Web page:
How To Make A Knife Handle Using G10 And Wood Materials

A knife’s handle is equally important as its blade. Without the handle, the tool will not function as expected.

This blog post seeks to help you appreciate a knife’s handle especially those made out of G10 and wood products. This post will explain how to make handles using these materials in detail.

G-10 and wood handles

G10 for Knife Handles

G10 Backgrounder

G-10 is a fiberglass composite laminate with layers of fabric on top of each other. Compressively soaked strips are made into this strong and durable material that can withstand stress, wear, or damage better than wood or traditional materials like metal.

It is the strongest material in existence today so it makes sense why knife handles made from G-10 will last longer without scratching, chipping off pieces to create an ugly scar across your handle–or worse yet cracking when you try cutting something hard with it.



  • g-10 scales
  • blade
  • paper and marker
  • drill and drill press
  • sanding belts
  • epoxy 
  • Brass pins
  • sandpaper
  • file


1. Scales must be configured.

To do this, draw the handle design on the paper. Once the paper has been placed on the scales, it can be traced, and marks can be made using markers. 

2. Engrave holes on the scales. 

You should engrave the holes you intend to drill on one side of each scale pair. To align them properly, make a light mark with the hand drill and then press them properly. Authentic holes can only be made this way.

3. It is time to sand, drill, and glue.

With the help of the drill press, make holes in one scale, pour epoxy over the leveled inside surface, and paste the two scales together. As a result, the scales will remain in sync. By gluing the material to the tang, epoxy glue prevents moisture from getting inside.

It may look like the scales are flat, but they aren’t. A gentle sanding will give you the flattering look you desire and make the surface ready for a superior bond.

4. Put the blade in place.

After making holes and rough profiling, it is time to put the blade in place. Put the edge of the blade on the seam between the scales.  

5. Next is to trace, cut, and glue.

Make a rough shape of the handle shape on the G-10 material, and cut it to fit the inside of the scales. Glue the finished handle to the scales with epoxy glue.

When the material has dried out, clean its edges and start drilling to fill in the existing pinholes. The hand drill is the best way to do so. Compilation/assembly of the handle is now complete.

6. Assemble the handle.

When assembling, consider using brass bolts for pins so you can affix the scales firmly by adding a nut and placing it down after applying the epoxy. It is best to let epoxy glue dry before using it. Besides helping to hold material firmly, pins also ensure it does not move laterally.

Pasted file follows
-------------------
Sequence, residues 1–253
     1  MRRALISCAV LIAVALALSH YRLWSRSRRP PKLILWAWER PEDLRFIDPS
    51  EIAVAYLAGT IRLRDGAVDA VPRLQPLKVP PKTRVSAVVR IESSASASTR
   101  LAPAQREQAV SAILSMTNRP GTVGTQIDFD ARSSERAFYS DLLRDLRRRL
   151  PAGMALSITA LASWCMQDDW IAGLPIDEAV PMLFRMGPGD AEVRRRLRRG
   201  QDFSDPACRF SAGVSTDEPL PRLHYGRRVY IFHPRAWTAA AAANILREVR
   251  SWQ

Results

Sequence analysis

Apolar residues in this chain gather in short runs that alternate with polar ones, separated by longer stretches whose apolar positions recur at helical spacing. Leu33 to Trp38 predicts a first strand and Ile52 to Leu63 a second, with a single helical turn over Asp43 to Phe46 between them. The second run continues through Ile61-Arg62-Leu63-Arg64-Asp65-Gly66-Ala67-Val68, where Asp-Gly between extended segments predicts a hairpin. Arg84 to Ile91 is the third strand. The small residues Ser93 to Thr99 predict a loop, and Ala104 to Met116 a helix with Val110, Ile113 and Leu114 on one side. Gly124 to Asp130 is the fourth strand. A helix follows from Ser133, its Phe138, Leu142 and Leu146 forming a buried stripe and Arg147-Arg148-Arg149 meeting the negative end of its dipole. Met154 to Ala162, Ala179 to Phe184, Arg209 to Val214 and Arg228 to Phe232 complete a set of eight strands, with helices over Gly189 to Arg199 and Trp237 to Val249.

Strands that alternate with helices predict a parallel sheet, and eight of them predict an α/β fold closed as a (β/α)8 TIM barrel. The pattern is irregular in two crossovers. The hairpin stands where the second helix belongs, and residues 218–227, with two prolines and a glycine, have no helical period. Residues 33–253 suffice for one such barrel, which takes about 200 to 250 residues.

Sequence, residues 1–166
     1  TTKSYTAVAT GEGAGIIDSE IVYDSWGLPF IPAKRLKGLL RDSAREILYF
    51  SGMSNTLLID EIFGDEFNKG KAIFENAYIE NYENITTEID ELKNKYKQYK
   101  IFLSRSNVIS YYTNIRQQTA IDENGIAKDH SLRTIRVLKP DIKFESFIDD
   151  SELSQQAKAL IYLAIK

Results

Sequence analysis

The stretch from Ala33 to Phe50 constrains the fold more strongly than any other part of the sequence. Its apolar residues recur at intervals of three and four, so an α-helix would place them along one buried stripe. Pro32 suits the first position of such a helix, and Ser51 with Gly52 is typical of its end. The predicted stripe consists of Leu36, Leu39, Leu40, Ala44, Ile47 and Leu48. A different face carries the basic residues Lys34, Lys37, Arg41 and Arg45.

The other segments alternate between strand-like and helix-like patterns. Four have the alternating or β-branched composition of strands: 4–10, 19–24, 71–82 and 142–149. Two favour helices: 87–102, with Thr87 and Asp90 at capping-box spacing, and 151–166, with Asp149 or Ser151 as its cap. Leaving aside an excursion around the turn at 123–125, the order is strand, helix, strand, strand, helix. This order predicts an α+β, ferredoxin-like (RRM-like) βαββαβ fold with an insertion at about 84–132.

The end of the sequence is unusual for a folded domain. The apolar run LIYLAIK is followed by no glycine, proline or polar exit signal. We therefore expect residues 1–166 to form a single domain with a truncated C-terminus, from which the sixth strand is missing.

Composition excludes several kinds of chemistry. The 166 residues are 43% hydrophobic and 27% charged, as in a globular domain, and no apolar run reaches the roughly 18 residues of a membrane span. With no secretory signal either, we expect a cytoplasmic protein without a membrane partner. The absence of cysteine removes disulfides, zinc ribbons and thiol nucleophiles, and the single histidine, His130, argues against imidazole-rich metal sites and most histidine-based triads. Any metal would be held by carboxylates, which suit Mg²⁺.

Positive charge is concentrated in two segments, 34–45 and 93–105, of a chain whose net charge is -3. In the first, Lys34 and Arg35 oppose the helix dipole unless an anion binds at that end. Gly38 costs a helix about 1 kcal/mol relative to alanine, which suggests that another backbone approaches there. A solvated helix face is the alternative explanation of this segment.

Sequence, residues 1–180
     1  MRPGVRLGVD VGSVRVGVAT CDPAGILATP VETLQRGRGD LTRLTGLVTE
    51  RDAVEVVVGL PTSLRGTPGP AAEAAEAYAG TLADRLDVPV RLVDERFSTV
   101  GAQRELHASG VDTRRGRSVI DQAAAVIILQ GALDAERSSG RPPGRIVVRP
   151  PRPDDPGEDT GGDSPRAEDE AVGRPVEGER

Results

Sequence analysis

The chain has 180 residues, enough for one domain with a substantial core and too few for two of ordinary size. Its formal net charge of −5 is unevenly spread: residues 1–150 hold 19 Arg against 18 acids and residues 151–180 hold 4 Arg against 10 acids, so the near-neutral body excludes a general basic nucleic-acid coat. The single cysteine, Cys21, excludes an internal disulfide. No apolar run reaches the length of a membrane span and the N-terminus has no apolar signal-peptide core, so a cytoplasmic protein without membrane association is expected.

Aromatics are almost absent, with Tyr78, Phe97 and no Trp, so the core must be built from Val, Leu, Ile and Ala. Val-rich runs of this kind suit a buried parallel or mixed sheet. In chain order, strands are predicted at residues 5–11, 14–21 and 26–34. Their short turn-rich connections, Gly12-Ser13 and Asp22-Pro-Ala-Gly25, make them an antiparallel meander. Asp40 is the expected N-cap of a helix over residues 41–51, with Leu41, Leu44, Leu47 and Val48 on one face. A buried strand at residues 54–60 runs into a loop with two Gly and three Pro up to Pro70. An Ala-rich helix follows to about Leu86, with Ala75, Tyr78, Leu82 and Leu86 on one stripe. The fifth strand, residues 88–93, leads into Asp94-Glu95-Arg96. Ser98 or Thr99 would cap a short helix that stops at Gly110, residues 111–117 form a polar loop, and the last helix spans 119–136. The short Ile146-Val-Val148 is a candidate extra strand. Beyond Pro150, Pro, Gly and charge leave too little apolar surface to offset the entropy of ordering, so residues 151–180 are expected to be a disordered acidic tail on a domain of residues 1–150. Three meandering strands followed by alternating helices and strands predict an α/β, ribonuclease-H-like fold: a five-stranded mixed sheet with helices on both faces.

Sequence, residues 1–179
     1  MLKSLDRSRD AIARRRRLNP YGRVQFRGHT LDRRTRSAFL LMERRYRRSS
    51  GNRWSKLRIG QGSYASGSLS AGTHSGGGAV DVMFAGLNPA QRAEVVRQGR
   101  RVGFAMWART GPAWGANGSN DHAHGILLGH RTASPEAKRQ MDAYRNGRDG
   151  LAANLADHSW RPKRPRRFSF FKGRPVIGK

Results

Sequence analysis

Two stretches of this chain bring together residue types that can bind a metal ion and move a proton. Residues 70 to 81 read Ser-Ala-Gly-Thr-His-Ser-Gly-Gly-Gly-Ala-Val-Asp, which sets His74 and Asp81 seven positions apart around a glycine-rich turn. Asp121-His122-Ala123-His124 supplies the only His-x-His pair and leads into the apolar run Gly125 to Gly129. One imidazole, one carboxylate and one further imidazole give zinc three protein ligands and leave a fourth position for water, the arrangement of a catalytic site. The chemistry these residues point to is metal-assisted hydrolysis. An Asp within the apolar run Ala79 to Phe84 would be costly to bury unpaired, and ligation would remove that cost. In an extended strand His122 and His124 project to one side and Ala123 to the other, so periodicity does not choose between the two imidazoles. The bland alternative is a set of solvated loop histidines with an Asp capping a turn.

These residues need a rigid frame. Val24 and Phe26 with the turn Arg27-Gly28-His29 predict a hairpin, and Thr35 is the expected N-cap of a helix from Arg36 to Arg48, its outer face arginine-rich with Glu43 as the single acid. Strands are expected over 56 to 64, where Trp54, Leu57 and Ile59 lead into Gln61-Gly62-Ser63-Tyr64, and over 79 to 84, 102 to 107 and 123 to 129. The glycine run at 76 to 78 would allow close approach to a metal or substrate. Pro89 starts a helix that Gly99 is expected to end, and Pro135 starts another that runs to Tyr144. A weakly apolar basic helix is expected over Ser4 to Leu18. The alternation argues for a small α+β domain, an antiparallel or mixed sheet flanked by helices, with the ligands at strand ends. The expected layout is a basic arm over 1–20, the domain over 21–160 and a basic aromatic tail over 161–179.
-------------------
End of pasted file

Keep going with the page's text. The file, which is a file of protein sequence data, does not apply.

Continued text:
7. Clean the newly assembled handle.

Clean the bolt’s head and body using a hacksaw or a file after the glue has dried. After that, the pins will go inside. To finish, give the handle the form that will fit your hand and clean it.

Gradually work your way up to ensuring a comfortable fit and checking periodic fittings. After you have worked through the grits of sandpaper to the desired finish, the handle is ready for use.

Wood for Knife Handles

Wood Backgrounder

Wood is known for its comfort, warmth, and long-lasting functionality, especially hardwood. Considering it is an easily accessible material, it makes an ideal handle material.



  • blade
  • wooden scales
  • duct tape 
  • pen
  • drill
  • epoxy
  • sandpaper
  • pins
  • hacksaw
  • clamp


1. Tape the wooden scales together.

Consider using double-sided duct tape to accomplish this. To make a knife handle properly, you must know and understand this step.

2. Mark the scales and track the slabs.

Create a picture of the handle by outlining a sheet of paper. Use the paper design as a handle template. 

The design should be drawn with a pen on the scale. Then, trace the original slabs with a thin marker.

3. Shape the wood.

Cut the wood according to the traced design. Hand saws are ideal for cutting this material. 

Note: Cut gently and gradually as per the marked line instead of cutting on it.

The next step is smoothing the handle with the belt sander paper by tracing the line. This completes the shaping process.

4. Make the holes.

Be sure to mark the scales first. Then, you are ready to drill to create the holes.

5. Sand the wood.

After drilling, sand the wood again with sandpaper. You will achieve a subtle appearance and feel by doing so.

6. Separate the scales.

Put your attention on the two wooden scales and separate them with full focus. Apply as little pressure or control as possible, since soft or thin wood will not accept the knife judiciously.

7. Put the scales in place.

Glue the rear of the scales in place and let them dry. Clamp them in place for a day. Then, remove the clamp carefully and clean it with paste wax or any other product suitable for the wood you used. 

The Better Option

Both G-10 and wood make great handle materials. But if you are looking to have a blade handle that is durable and functional as well, the G-10 handle is the wiser choice.

The handles of G10 kitchen knives are extremely durable and highly resilient, meaning they will last for a very long time under both wet and dry conditions. Also, it is  It’s water-resistant.

Final Verdict

There are many kinds of knife handles available in the market today. Yet, G10 and wood handles remain to be two of the best of them all.

Nonetheless, G-10 has a very slight edge over its counterpart due to its durability and water resistance.

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